Dr. Dre Speaks Out About Abusive Past

Nicole Young and music producer Dr. Dre arrive in Los Angeles for the premiere of Straight Outta Compton Aug. 10, 2015.

On Friday, Straight Outta Compton opens in theaters, and from the marketing of the film, everyone is expecting it to be a blockbuster hit. But it’s another “hit” that has people talking. Specifically, the hits Dr. Dre has given women over the last couple of decades.

Dr. Dre has made millions over the last few decades with his music and Beats by Dre headphones, but one aspect of his life that people rarely mention happens to deal with the physical abuse of women.


Dre and N.W.A were profiled in a 1991 Rolling Stone article, “N.W.A.: Beating Up the Charts,” which made mention of an encounter with Dee Barnes, host of a Fox TV video show called Pump It Up.

Last November the Fox TV rap video show Pump It Up ran a segment on N.W.A. in which it crosscut between members of the group dissing their former partner Ice Cube and a previous interview with Cube in which he bad-mouthed them. The members of N.W.A. decided that the clip made them look bad. On January 27, Dre ran into Pump It Up host Dee Barnes at a record-release party in L.A.

According to a statement issued by Barnes, Dre picked her up and “began slamming her face and the right side of her body repeatedly against a wall near the stairway” as his bodyguard held off the crowd. After Dre tried to throw her down the stairs and failed, he began kicking her in the ribs and hands. She escaped and ran into the women’s restroom. Dre followed her and “grabbed her from behind by the hair and proceeded to punch her in the back of the head.” Finally, Dre and his bodyguard ran from the building.


At the time, Dr. Dre didn’t deny the event happened, and even bragged about it to Rolling Stone.

“People talk all this [s—t], but you know, somebody [f—ks] with me, I’m gonna [f—k] with them. I just did it, you know. Ain’t nothing you can do now by talking about it. Besides, it ain’t no big thing—I just threw her through a door,” Dr. Dre said.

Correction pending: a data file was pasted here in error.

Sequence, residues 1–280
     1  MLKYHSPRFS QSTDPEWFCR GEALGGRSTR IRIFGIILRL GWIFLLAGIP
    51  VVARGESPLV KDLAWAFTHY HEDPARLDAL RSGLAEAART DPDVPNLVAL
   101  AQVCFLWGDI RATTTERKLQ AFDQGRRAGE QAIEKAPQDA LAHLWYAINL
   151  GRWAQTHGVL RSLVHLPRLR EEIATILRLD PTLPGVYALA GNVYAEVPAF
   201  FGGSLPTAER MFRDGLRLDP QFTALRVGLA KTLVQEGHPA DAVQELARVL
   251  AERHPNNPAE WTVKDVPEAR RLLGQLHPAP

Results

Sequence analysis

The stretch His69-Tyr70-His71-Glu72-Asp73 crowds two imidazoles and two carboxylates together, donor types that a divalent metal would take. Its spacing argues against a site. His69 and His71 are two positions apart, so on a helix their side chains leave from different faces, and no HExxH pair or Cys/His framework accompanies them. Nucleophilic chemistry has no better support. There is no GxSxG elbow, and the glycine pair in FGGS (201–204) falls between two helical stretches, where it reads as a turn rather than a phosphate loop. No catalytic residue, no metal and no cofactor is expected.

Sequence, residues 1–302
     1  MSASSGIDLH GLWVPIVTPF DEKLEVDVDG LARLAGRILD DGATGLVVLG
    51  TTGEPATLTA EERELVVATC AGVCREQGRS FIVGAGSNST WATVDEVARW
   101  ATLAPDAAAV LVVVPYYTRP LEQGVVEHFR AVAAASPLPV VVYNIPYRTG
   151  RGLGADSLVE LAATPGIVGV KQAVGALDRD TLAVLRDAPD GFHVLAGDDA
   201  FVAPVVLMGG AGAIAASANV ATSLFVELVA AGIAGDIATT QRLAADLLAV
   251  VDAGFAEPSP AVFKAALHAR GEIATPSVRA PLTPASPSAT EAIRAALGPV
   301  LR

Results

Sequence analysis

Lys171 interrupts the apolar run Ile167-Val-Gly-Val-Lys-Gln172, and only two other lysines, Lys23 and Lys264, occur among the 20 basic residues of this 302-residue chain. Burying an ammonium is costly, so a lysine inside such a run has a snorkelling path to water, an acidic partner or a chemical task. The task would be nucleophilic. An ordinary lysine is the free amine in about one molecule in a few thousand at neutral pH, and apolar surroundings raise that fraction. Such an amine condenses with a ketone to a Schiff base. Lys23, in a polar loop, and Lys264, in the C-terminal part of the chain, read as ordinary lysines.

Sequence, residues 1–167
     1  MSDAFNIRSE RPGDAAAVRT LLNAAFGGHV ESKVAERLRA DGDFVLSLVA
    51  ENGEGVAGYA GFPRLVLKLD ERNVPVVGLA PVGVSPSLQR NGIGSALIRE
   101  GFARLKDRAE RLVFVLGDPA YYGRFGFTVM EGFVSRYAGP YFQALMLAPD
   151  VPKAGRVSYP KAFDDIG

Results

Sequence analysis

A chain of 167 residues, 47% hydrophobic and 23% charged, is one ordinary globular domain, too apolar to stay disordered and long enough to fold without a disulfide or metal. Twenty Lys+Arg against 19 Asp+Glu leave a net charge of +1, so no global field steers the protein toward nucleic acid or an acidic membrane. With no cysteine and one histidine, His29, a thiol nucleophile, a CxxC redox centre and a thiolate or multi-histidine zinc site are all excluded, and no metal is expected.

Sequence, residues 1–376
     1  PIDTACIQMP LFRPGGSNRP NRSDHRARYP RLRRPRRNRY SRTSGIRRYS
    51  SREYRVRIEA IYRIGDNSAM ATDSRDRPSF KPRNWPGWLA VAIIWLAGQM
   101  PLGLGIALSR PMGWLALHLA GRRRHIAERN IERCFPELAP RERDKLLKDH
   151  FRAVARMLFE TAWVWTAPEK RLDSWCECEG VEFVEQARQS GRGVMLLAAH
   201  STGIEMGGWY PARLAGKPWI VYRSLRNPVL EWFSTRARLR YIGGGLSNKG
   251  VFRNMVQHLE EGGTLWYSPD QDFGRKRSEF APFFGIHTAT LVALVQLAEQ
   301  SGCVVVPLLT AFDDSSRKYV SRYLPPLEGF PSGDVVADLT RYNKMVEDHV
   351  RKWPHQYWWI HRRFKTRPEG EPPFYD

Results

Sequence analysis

Barnes eventually filed a lawsuit against Dr. Dre, but ended up settling out of court. But that wasn’t Dr. Dre’s last brutal encounter with a woman.

Popular ’90s singer Michel’le, who currently appears on a reality-TV show, dated Dr. Dre from 1990 to 1996 and has a child by him. The singer often spoke about the abuse she suffered at the hands of an ex, but it wasn’t until an appearance on The Wendy Williams Show that she pointed fingers at Dr. Dre, when most people assumed she had always been referring to Suge Knight.


“Well, if it isn’t Suge, then the fingers are pointing at you, Dr. Dre,” Williams stated.

“He knows it. It was very public. It was very, very public, so that wasn’t a secret. I did five videos and we had to cover three black eyes. It seemed like the day before a video, I would get a black eye and we had to cover it,” Michel’le explained.


As Straight Outta Compton opens this weekend, Dr. Dre’s past brings up a lot of questions. Do you support someone you know was an abusive person? Do you turn a blind eye to it?

In a recent Rolling Stone article, Dr. Dre commented about the incident with Barnes. And it’s nothing he’s proud of.


“I made some [f—king] horrible mistakes in my life. I was young, [f—king] stupid. I would say all the allegations aren’t true—some of them are. Those are some of the things that I would like to take back. It was really [f—ked] up. But I paid for those mistakes, and there’s no way in hell that I will ever make another mistake like that again,” Dr. Dre stated.

In the same interview, Ice Cube was asked about N.W.A's lyrical content towards women and his repsonse wasn't as civil as Dre's.


"If you're a [b—ch], you're probably not going to like us," he says. "If you're a ho, you probably don't like us. If you're not a ho or a [b—ch], don't be jumping to the defense of these despicable females. Just like I shouldn't be jumping to the defense of no punks or no cowards or no slimy son of a [b—ches] that's men. I never understood why an upstanding lady would even think we're talking about her."

In the world of entertainment and sports, I think if people stopped supporting celebrities because of their abusive ways, people like Mike Tyson, Chris Brown and R. Kelly would have far fewer fans. But then there are those who will always have a person’s back, even if he’s been accused of urinating on a young girl.


There are also those who don’t judge someone by past actions if he seems to have changed. Then there are those who don’t think people who were known abusers change easily.

One can only assume that these low points in Dr. Dre’s life have somehow been omitted from Straight Outta Compton, but the women who felt the brunt of his abuse won’t easily forget them.

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